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    yeah, but it'd be MORE than small changes between frames, and you'd be giving each frame less light, generating poorer frames.

    In theory this is a nice idea, but just doesn't carry over from still photography to motion cinematography.


     

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    #3
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    Nonononononono Stop trying to apply still HDR aquisition to motion pictures.

    You still have the same problems of each frame being different from the last.

    This approach is actually worse than trying to do different length exposures... say: in this case 1/240th and 1/480th. Now you're shooting two 1/240th of a seconds (or more) but you're also varrying the aperture. What'll happen is you'll have two images that are not only not lined up with each other but also have different DOFs.


    What that'll look like is really bad post DOF processes you see in programs like AE, Shake or Combustion with the blury fringe around a sharp edge.


    The only way to properly get a quality HDRI image from a motion picture sensor is just to build a sensor with like 20 stops of latitude that outputs a native float or half float image.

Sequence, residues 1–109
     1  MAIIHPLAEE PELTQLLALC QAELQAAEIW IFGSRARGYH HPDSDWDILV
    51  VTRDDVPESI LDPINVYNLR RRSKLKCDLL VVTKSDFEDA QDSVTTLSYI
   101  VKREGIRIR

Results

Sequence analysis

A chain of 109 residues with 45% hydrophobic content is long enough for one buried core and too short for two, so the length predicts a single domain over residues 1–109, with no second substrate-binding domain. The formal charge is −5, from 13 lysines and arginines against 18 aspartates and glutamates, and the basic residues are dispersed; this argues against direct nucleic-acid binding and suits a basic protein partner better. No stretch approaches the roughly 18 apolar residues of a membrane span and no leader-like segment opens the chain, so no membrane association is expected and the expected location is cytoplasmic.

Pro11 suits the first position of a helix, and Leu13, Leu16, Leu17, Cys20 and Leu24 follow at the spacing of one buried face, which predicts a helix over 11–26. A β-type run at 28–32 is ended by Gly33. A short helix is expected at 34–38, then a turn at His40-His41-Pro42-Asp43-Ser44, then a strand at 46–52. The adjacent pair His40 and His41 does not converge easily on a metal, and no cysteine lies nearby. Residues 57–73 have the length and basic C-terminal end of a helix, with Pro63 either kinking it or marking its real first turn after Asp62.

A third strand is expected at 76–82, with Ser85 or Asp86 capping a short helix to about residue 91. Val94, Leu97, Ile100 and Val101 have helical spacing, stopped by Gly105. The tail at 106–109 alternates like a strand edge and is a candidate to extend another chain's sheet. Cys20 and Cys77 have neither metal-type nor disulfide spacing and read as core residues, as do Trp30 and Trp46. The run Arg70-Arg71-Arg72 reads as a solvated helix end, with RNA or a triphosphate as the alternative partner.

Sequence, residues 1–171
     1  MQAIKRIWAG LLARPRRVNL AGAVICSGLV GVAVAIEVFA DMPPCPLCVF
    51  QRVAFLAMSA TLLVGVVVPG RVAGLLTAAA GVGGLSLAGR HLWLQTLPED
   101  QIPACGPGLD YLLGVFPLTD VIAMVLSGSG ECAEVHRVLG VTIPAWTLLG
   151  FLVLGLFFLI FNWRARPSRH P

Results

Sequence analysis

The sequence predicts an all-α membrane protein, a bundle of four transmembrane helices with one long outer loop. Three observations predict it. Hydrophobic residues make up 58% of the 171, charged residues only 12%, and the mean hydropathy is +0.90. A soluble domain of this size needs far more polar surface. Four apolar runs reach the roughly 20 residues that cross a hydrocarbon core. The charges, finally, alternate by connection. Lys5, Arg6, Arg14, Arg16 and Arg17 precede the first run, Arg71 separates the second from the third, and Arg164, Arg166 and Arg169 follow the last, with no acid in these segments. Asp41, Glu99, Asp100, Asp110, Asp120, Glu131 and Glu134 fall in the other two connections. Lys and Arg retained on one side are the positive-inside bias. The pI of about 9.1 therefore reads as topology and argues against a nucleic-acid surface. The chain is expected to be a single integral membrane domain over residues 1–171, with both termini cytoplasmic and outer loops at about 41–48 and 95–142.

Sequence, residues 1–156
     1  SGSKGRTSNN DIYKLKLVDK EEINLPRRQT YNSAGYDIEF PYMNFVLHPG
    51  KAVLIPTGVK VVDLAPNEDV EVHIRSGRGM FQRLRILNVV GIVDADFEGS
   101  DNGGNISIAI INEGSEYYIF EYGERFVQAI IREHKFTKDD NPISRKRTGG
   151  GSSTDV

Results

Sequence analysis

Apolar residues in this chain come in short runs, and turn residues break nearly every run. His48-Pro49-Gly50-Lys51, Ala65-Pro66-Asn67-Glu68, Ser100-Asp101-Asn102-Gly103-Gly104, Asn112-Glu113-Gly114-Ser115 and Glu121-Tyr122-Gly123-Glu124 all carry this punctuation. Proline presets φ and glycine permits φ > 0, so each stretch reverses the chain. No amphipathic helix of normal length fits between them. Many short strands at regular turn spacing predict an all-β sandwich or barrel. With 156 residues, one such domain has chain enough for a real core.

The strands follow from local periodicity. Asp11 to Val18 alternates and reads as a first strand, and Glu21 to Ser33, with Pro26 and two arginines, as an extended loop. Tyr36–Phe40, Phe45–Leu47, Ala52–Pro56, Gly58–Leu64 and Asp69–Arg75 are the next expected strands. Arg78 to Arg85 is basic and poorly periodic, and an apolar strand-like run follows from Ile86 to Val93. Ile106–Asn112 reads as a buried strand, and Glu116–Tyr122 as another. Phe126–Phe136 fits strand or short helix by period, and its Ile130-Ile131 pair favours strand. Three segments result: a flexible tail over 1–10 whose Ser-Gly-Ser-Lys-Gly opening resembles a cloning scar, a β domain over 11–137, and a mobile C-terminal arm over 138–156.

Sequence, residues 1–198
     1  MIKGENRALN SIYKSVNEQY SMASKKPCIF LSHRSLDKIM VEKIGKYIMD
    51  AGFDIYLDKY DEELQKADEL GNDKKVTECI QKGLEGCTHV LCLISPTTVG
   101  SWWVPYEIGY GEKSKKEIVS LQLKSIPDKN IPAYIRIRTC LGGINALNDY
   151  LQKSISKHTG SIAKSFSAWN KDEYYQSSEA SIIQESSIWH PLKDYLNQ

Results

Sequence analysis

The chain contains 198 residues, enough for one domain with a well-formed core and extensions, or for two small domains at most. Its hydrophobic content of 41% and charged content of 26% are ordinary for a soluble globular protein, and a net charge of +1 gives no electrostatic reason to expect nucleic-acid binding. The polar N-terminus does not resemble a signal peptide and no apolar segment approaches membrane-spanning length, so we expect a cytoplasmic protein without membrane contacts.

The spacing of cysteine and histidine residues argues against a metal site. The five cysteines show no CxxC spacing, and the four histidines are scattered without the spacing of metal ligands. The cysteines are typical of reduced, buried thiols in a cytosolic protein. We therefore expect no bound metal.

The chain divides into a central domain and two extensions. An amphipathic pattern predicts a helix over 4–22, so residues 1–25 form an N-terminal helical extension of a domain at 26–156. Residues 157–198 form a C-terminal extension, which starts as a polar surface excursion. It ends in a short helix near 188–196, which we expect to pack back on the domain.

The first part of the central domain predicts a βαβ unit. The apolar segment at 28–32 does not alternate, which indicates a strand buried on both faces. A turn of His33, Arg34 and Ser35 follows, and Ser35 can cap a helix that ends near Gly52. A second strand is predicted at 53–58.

This'll happen eventually, it's only a matter of time. It might not happen with a CMOS chip, but it'll hapen. Another technique in the meantime until we develop new sensors with unheard of SNRs will be to use a system sort of like the Viper Sensor where you embed multiple sensors onto the same chip.

    If each pixel had a small diffusion grid over it and each pixel was composed of two sub pixels: one of which had a 1/4 ND filter on it, you could theoretically simultaneously get a closer to HDRI image. Now if you had 4 sub pixels, each masked at different intervals: Unmasked, 1/2, 1/4, 1/8 and 1/16 you would be pretty close. But by this time you've not only divided your sensor into 5 wells but you've also significantly masked most of them. So you better have an extremely sensitive sensor to start with in order to give the underexposed sensors a chance to pick up anything.